Job Interview

A recruitment agency can refer the highest calibre of applicants to you, but in the end it is down to your own interviewers to decide which candidates are the best fit for the vacancies you have available – so how do you go about making that distinction?

Here are five tips to keep in mind when planning your next interview, whether it is for a direct sales and marketing role, or for any other position within your company.

1 – Do your research

A recruitment agency will often know their best candidates in quite a lot of detail, so take full advantage of this to find out things that might not be obvious from their CV, such as what motivates them in their job hunt, or how long they have really been looking for work.

By finding out this information beforehand, you can make more efficient use of the time you have together face to face in the interview, for a more complete picture of each candidate.

2 – Have they done theirs?

Job interviewer doing research

If you’ve gone to the trouble of learning about the candidate, it’s only fair to expect them to do the same, so find out what they know about your company and the role they have applied for.

Remember to keep in mind what information is easily available, for example on your company website’s ‘About Us’ page, as this in a sense carries less currency in an interview than if the candidate has really gone out of their way to speak to existing employees or research your company in more depth.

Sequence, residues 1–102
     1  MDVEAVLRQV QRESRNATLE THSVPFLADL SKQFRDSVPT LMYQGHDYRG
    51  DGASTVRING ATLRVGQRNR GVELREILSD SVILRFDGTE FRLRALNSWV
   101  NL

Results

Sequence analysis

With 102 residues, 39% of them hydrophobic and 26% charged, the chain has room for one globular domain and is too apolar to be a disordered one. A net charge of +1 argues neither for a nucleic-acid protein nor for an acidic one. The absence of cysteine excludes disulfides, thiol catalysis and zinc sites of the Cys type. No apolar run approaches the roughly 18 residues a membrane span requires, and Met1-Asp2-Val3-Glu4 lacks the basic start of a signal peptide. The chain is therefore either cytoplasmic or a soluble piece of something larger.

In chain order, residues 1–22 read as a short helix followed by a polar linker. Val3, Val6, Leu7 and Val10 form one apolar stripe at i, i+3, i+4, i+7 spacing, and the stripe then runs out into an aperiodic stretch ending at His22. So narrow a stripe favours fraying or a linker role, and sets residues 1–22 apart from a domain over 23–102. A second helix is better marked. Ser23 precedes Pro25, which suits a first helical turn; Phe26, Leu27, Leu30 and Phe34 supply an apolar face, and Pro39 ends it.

3 – Be personal

Some questions are off-limits, so be very cautious about discriminating – however well-meaning it may be – during an interview on grounds like age, personal life and so on.

But there’s nothing wrong with asking more probing questions about an individual’s motivation, self-discipline, or examples from their personal life of why they think they are suited to a role, rather than solely relying on past professional experiences.

4 – Be persistent

Young Man Making Call With Smartphone

If you feel like the interviewee’s first answer is too vague, deliberately evasive or has just missed the point of what you were asking, ask it again in a slightly different way.

This not only improves your chances of finding out what you want to know about the candidate, but also gives you the chance to see how they perform under pressure when they realise their first answer wasn’t good enough – something that will stand the best candidates in good stead in many roles, including in direct sales and marketing positions where they will often be required to think on their feet.

5 – Follow up

You might expect a committed applicant to follow up with you even if they were unsuccessful, but if there were candidates who impressed but narrowly missed out on a limited number of vacancies, there’s no reason why you shouldn’t take the initiative to follow up too.

Let your recruitment agency know if there’s anyone you’d especially like to see again when a future role becomes available, and they can pass that feedback on to the applicant – which at the very least could help to make sure their CV lands on your desk again next time you’re recruiting.

Hand shake after job

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